By the occupation of the green over the urban surface, the notion of the natural cityscape in Gezi Park would be reinforced. Simultaneously, the spatial definition of Taksim, the central public space of Istanbul, is reinterpreted radically. The square is not characterized by the indecisive coalition of eclectic landscaping and the concrete urban surface. Precise integration of the hard-surface and landscaping tends to define a series of well-connected and permeable ‘niches’ for a legible perception and diverse appropriation of space by the urbanites. The proposed landscaping strategy has been based on the plantation of the high-crowned trees (i.e. acer campestre) that would enable the mass meetings (i.e., protests and festivities) while ensuring the desired environmental condition for the permanent use of space.
The idea of ‘green occupation’ of Gezi Park is also reproduced in the city’s broader context. The focused design strategy of diffusing the green fabric over the public space surrounding Gezi Park considers Taksim as the epicenter of the green strategy to be applied for the whole body of the central fabric. The technique of seed-bombing, in this context, is utilized as the tool of collective greening strategy.
As the second major proposal of the project, re-occupation of the square’s underground level could be considered another strategy for the re-activation of the public space. Accordingly, the project connects the bus-stops located under the ground with the metro and funicular stations through a linear structure configured under the square. Such an underground level aims for higher connectivity of the space and provides an active layer in which the new urban programs would take place. Along the axis, a series of art spaces (i.e., ateliers and workshops) are allocated for the independent art initiatives’ creative production. In this sense, the underground provides an extra activity space for Taksim while turning the transfer movement of people much more comfortable, more enjoyable, exciting, and creative.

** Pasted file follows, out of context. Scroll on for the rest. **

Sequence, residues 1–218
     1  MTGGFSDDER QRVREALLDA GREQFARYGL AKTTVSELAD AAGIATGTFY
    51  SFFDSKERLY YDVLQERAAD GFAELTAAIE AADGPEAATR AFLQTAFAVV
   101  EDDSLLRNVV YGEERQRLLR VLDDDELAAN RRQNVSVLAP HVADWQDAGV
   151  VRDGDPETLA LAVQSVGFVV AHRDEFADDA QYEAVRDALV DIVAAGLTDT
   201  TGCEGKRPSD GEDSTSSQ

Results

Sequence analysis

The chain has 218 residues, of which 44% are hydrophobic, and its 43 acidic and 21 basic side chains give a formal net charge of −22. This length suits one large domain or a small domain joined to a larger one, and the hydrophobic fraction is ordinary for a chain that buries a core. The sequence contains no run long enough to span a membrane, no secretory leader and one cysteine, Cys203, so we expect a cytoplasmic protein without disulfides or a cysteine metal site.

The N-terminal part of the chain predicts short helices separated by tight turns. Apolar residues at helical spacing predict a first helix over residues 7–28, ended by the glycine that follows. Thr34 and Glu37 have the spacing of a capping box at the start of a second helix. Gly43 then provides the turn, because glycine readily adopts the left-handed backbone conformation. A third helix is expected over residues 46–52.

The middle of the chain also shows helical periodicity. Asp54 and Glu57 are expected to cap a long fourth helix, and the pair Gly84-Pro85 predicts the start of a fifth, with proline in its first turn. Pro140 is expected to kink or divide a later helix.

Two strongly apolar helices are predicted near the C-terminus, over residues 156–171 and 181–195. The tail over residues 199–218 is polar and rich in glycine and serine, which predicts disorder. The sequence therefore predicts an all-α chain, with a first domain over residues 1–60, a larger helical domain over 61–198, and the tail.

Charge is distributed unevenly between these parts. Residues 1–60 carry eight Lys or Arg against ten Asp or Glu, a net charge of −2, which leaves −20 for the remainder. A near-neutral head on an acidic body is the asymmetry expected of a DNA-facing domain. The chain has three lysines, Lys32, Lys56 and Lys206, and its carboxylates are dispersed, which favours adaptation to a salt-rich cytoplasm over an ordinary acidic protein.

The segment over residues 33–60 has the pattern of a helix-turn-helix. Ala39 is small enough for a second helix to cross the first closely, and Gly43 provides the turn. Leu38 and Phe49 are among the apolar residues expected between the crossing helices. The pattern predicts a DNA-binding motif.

OBRUK, in this framework, represents both the functional and symbolic focus of the design. Located in the other margin of the underground axis, the open underground space called OBRUK is designed to perform as a multi-level gallery that would accommodate exhibitions, installations, and performances responding to the already established art program of AKM (Atatürk Cultural Center) at the very edge of Taksim Square. With its location opposing the new cultural complex’s entrance, OBRUK suggests a programmatic unity with AKM by embracing the alternative culture of independent art in the city.
Then OBRUK is not a separate building but part of the more extensive spatial system. It connects to the other underground spaces horizontally while enhancing a vertical circulation and connection with the city’s ground surface. Manipulating the existing movement pattern solely based on the horizontal axes (either on the ground or under the ground), OBRUK alters the settled perception and experimentation of the space in Taksim. With its fluent form, it subtly invites people to delve into the ground or to participate in life on the face of the earth, dialectically.
Eventually, Project OBRUK suggests an alternative public space system that is multi-layered and multi-directional responsive to the complex nature of public life in the contemporary city.